Periods of European Literature, Volumen9

C. Scribner's sons, 1902

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Página 101 - Things and actions are what they are, and the consequences of them will be what they will be : Why then should we desire to be deceived?
Página 105 - The prince soon found that this was one of the sages whom he should understand less as he heard him longer. He therefore bowed and was silent; and the philosopher, supposing him satisfied, and the rest vanquished, rose up and departed with the air of a man that had cooperated with the present system.
Página 93 - As the sceptical doubt arises naturally from a profound and intense reflection on those subjects, it always encreases the farther we carry our reflections, whether in opposition or conformity to it. Carelessness and inattention alone can afford us any remedy. For this reason I rely entirely upon them...
Página 105 - To live according to nature, is to act always with due regard to the fitness arising from the relations and qualities of causes and effects ; to concur with the great and unchangeable scheme ' of universal felicity ; to co-operate with the general disposition and tendency of the present system of things.
Página 271 - My temper is not very susceptible of enthusiasm, and the enthusiasm which I do not feel I have ever scorned to affect. But at the distance of twenty-five years I can neither forget nor express the strong emotions which agitated my mind as I first approached and entered the eternal city.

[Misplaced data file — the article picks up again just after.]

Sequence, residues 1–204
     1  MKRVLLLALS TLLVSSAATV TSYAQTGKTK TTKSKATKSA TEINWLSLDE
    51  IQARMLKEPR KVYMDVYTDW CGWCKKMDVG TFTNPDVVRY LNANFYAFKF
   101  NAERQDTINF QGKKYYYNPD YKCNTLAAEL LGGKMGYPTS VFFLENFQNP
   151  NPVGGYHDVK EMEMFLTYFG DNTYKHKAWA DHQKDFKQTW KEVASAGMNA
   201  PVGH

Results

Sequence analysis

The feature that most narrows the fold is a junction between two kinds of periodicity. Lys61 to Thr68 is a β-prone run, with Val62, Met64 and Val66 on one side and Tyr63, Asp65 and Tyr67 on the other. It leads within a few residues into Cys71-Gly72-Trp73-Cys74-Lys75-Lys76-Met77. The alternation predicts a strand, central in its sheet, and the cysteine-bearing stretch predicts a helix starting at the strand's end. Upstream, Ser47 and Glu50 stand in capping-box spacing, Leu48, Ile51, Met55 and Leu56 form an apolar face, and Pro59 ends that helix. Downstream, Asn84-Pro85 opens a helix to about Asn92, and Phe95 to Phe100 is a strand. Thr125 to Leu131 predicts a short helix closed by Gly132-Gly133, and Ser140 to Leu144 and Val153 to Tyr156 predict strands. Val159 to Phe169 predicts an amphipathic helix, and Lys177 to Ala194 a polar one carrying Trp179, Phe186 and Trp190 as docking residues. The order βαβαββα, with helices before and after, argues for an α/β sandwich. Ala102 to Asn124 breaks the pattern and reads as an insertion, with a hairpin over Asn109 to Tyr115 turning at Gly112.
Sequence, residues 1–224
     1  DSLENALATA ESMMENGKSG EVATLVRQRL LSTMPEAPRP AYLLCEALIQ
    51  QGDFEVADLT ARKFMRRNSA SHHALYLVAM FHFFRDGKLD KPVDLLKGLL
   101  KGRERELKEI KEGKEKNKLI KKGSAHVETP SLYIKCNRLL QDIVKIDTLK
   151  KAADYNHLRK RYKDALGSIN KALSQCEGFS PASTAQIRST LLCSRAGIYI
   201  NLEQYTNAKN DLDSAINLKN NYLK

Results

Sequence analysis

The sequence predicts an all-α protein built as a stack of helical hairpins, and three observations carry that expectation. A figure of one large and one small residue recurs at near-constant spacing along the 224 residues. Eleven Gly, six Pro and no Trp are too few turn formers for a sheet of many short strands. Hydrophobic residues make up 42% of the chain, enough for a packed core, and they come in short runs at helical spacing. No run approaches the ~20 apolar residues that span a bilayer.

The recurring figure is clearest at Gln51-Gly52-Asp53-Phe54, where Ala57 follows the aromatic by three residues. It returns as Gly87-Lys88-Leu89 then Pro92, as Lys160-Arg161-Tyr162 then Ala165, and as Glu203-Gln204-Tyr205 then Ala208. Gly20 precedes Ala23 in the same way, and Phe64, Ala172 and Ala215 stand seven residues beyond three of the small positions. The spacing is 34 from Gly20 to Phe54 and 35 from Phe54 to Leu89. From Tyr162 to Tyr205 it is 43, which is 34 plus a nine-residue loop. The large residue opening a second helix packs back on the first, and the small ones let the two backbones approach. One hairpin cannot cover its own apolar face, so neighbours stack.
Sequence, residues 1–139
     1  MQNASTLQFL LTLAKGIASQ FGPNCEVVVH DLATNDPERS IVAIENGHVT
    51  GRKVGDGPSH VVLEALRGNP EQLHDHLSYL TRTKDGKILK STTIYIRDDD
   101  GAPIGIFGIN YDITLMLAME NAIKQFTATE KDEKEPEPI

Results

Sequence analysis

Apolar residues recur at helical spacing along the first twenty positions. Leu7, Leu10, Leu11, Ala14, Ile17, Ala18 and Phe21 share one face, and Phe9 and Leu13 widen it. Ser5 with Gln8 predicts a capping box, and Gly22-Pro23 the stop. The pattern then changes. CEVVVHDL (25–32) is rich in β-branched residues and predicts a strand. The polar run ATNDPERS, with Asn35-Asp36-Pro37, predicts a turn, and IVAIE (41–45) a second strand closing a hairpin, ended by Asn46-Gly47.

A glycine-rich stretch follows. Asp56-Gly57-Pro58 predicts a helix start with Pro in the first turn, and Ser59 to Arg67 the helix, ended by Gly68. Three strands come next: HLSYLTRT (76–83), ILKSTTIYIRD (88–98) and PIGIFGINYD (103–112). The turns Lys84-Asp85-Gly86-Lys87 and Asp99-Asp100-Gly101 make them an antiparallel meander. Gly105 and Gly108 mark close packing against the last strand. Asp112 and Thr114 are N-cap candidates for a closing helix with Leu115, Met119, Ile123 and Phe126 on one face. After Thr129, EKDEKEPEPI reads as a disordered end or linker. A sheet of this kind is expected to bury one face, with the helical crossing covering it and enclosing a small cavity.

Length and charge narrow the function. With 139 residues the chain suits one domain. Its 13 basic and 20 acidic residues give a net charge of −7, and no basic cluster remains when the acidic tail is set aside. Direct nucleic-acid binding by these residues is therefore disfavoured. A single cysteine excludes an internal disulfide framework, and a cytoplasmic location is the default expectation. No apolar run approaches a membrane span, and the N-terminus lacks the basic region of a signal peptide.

Página 102 - I do not mean to reproach this author for not knowing what is equally hidden from learning and from ignorance. The shame is to impose words for ideas upon ourselves or others. To imagine that we are going forward when we are only turning round.
Página 127 - The professed moral of a piece is usually what the reader is least interested in; it is like the mendicant, who cripples after some splendid and gay procession, and in vain solicits the attention of those who have been gazing upon it.
Página 153 - ... even. His lips full, red, and soft. His beard was only rough on his chin and upper lip ; but his cheeks, in which his blood glowed, were overspread with a thick down. His countenance had a tenderness joined with a sensibility inexpressible. Add to this the most perfect neatness in his dress, and an air which to those who have not seen many noblemen, would give an idea of nobility.
Página 152 - The business of a poet," said Imlac, "is to examine, not the individual, but the species ; to remark general properties and large appearances ; he does not number the streaks of the tulip, or describe the different shades in the verdure of the forest.

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